I was at a convention I had no business attending, in a bathroom that wasn’t meant for me, when My Favorite Author exited one of the stalls and began washing her hands beside me.

The convention was BookExpo in New York City; the bathroom, I now realized, was VIP only. My Favorite Author and I had both just come from the author breakfast panel, where she’d been promoting her new book—the entire reason I’d taken a Thursday off from my job as a middle school English teacher to attend a publishing industry mega-event. Now, here she was, the number-one person I most wanted to meet, standing an arm’s length away from me—in a bathroom.

“She’s tall,” I thought dreamily.

I had wanted to meet this author since I was 15, when I read her first novel and deemed it absolutely perfect. My mom had heard that the book’s editor had only changed two words. We liked to wonder what those two words were.

I was an aspiring author myself, but I knew I was far from perfection. As the convention approached, I wondered, Am I good enough to meet her?

Up until that point, my encounters with celebrities had not been especially affirming. Once, a beloved senator stopped shaking hands just a few people ahead of me, and I could only reach out to touch the shoulder of her blazer. Another time, I shook an author’s hand with such enthusiasm that I felt his knuckles fold and crush together. In the days leading up to the expo, I couldn’t help wondering whether I was only gearing myself up for more anticlimax. What did I hope to accomplish?

Just to see her, my heart answered each time—to meet her.

Back in the bathroom, as My Favorite Author dried her hands, I agonized over my options. Would I be the crazed fan who cornered her by the sinks? Or would I walk right out and risk the possibility that when I later waited in line for her autograph, she might stop signing before I made it to the front? If that happened, there would be no shoulder touching or knuckle crushing; I would have come all this way and missed my chance.

My Favorite Author turned to leave.

I wouldn’t say that I decided to speak. Instead, some kind of balloon in my chest burst, forcing out a rush of air in which I said her name—urgently, as though to warn her of fire or falling sheetrock.

She turned around.

“Hi—oh gosh,” I said. Words don’t typically come to me even in the best of circumstances. “I’m so glad you’re here. I’m hoping to get your autograph later.”

She smiled and waited for me to say more—only, there wasn’t more. I couldn’t think of anything that wouldn’t be hopelessly, paralyzingly weird to say in a bathroom.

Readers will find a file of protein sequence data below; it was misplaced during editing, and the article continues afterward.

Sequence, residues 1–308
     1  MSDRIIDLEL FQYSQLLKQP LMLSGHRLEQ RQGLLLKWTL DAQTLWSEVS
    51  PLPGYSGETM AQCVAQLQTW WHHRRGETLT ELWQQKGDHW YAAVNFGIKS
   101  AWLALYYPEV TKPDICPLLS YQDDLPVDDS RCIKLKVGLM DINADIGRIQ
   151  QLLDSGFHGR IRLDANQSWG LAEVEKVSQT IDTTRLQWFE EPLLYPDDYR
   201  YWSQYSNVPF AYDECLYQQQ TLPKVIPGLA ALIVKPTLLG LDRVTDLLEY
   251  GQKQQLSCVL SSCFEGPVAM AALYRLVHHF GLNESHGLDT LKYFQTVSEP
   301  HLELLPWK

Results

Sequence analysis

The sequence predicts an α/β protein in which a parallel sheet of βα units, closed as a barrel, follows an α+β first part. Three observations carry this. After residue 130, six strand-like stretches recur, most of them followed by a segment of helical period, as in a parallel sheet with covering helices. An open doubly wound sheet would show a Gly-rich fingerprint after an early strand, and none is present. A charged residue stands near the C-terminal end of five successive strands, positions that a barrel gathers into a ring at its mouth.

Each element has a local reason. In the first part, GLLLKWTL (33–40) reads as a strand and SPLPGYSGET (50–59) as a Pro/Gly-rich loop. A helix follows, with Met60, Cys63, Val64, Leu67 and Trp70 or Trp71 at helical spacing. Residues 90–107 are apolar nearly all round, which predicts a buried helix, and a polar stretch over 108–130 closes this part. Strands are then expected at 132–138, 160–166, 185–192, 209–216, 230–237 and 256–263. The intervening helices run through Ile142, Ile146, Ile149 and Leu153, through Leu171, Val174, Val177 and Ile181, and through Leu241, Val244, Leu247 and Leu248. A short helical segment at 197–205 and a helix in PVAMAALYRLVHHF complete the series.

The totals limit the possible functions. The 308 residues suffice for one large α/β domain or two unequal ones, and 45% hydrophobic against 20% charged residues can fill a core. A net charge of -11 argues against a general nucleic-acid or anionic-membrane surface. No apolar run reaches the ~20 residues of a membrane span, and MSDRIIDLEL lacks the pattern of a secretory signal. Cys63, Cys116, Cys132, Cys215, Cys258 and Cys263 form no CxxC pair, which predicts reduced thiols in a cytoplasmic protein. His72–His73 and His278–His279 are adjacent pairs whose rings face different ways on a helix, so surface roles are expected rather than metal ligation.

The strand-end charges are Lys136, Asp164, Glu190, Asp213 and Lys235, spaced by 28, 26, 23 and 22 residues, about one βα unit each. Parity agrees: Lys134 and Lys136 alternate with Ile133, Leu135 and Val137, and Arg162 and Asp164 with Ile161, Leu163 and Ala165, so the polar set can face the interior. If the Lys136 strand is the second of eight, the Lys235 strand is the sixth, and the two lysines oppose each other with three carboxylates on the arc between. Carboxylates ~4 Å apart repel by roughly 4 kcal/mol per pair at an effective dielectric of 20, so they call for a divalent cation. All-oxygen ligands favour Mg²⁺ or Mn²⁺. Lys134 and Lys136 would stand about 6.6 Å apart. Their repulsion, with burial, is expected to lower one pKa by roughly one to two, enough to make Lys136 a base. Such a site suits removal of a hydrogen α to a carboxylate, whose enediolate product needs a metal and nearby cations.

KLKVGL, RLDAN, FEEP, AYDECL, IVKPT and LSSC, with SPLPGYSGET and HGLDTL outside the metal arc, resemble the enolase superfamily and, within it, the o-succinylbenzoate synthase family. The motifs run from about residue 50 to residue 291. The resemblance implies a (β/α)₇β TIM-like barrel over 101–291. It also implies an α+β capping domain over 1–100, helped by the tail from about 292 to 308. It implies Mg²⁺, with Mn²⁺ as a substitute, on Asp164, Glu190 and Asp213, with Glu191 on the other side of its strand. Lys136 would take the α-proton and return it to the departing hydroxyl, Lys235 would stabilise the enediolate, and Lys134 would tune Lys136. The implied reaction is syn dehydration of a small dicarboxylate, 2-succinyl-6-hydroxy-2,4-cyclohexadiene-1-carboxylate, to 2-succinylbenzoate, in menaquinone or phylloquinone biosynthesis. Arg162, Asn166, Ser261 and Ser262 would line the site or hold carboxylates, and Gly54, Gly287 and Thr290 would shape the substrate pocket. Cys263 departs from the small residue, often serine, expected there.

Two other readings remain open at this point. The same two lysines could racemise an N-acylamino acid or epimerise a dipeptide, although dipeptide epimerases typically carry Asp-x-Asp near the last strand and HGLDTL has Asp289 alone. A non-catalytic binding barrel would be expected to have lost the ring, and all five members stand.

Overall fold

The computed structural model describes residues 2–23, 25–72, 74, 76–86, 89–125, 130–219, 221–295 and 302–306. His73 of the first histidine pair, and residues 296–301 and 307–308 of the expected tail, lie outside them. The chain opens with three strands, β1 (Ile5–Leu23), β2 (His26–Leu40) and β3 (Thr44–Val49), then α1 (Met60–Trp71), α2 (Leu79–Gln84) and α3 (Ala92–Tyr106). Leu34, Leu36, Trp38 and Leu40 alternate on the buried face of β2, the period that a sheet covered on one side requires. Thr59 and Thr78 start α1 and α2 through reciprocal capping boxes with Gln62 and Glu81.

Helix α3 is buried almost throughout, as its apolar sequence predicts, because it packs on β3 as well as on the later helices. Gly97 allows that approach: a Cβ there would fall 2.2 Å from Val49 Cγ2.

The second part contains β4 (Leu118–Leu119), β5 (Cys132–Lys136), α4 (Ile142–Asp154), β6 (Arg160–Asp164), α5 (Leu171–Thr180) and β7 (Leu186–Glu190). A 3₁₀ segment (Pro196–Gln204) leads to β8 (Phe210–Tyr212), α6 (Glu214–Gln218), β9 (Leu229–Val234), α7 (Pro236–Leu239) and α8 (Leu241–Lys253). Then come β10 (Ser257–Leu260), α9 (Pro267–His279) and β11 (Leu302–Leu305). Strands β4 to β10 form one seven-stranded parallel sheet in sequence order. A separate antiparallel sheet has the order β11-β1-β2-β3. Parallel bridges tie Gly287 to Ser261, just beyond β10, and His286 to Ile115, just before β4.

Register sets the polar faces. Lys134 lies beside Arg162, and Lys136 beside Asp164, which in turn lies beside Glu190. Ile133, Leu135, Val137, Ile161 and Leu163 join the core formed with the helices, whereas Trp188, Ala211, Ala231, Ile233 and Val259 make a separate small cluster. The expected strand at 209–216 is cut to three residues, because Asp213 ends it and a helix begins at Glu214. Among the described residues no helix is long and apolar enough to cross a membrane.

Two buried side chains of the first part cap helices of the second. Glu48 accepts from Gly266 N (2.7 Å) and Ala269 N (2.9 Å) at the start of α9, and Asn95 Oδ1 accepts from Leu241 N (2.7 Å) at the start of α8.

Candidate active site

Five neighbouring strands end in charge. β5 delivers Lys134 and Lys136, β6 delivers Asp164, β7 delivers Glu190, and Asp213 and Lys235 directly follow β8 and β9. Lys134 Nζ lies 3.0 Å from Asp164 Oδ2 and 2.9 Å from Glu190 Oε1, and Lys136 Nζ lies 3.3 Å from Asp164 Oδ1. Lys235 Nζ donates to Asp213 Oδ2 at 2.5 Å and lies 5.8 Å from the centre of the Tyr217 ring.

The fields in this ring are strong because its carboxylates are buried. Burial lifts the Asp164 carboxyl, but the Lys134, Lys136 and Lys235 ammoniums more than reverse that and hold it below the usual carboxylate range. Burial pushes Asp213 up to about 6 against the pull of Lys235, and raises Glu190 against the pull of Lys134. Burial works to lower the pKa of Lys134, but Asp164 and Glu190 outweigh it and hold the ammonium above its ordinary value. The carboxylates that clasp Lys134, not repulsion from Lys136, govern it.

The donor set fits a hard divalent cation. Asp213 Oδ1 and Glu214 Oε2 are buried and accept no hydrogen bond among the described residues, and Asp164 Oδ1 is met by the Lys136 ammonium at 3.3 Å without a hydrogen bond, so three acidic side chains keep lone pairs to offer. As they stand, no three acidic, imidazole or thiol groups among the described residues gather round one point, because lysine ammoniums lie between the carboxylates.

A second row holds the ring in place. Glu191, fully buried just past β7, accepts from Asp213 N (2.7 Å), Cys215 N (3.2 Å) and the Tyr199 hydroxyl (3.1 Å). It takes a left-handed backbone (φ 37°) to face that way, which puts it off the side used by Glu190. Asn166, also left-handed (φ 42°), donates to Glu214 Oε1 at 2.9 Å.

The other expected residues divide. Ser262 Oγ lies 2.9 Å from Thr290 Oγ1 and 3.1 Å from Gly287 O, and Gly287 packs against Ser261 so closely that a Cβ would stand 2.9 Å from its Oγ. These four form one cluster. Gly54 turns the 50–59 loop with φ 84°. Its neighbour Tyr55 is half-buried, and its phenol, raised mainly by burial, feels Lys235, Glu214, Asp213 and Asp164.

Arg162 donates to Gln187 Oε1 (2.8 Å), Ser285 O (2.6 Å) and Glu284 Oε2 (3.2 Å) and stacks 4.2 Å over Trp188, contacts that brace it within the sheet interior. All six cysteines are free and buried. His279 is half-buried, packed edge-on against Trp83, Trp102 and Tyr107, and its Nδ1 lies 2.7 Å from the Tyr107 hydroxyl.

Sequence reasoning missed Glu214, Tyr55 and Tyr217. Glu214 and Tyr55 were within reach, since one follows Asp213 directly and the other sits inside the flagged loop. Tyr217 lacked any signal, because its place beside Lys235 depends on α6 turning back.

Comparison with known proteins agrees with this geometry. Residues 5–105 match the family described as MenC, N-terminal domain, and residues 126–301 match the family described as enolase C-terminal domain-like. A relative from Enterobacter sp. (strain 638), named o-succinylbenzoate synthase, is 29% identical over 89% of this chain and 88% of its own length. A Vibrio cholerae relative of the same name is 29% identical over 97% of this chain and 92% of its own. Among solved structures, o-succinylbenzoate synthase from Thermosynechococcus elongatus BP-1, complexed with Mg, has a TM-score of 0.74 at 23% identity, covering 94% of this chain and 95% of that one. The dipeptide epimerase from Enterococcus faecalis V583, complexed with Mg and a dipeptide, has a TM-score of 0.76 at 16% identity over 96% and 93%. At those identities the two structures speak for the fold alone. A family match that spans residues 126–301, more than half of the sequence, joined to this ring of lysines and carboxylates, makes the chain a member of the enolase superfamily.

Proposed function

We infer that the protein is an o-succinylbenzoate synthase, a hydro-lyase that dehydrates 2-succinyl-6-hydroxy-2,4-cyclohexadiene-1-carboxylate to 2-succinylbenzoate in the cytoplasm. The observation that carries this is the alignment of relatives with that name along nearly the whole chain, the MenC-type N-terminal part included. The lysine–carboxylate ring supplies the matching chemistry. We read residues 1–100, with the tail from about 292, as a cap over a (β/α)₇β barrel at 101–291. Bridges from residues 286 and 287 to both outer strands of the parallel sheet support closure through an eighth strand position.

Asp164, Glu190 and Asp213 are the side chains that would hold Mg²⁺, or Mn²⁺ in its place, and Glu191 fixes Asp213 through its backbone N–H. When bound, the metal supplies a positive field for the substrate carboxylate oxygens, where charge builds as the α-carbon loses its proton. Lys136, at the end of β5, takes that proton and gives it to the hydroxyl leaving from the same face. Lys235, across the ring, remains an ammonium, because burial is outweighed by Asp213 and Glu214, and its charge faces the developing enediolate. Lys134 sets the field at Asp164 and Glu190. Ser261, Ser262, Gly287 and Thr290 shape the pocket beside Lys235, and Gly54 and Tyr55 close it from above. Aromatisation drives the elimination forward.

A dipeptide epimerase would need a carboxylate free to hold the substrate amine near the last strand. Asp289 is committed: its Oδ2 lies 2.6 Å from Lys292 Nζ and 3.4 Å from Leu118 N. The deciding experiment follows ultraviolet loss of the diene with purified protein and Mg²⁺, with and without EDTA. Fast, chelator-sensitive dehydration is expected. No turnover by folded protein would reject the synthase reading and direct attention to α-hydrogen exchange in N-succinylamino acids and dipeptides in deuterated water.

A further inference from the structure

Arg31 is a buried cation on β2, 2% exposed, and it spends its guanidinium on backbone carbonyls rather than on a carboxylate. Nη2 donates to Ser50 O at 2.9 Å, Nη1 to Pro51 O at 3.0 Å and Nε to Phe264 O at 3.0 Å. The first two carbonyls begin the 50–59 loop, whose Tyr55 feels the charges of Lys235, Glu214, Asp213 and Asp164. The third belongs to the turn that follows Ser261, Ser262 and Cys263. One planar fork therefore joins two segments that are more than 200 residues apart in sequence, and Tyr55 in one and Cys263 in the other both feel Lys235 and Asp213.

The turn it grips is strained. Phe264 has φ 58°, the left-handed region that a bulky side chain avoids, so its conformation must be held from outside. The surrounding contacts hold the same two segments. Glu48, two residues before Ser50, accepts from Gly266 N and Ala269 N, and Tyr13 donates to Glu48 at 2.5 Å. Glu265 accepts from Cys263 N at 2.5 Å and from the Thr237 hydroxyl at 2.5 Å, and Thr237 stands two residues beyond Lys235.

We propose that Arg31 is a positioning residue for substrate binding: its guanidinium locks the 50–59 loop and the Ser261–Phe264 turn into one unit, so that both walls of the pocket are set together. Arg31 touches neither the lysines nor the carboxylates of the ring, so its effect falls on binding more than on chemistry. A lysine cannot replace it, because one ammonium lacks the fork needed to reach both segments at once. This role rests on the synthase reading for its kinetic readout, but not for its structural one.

Fortunately, we were interrupted by an “oh, dear”—another big name was struggling with the automated paper towel dispenser. My Favorite Author heroically came to her assistance. I could not get out of there fast enough.

Upstairs, on the mezzanine, I found a bench and sat doubled over, thrilled and mortified all at once. I had seen her, I had spoken to her—and I had been a complete idiot. Was this really it?

An hour later, at the appointed booth, My Favorite Author arrived to sign autographs. Now that I’d had a chance to clear my head, I knew what I wanted to say. I wanted to say, “I’ve read your books more times than I can count.” I wanted to say, “I’m the same age as your daughter.” I wanted to say, “What were the two words?”

That morning, at the breakfast panel, My Favorite Author had thanked all of us—booksellers, librarians, and readers—for making her work possible. “I think about you every day,” she said. I was flattered to think that the tiniest sliver of that remark was meant for me.

The line moved, and I stood before her.“Hi,” she said, already busy signing my book.

“Hi,” I replied. “I...”

Tears came to my eyes, and I couldn’t speak. This moment, exactly this, was all I had wanted. To see her. To be seen by her.

I’d broken her rhythm, and now she really looked at me.

“I don’t know what to say,” I finally managed. “I love your writing.”

My Favorite Author smiled at me. She then reached out and put her hand over mine.■

Karen Wilfrid is a freelance writer and seventh-grade English teacher. She lives in Newton, Mass.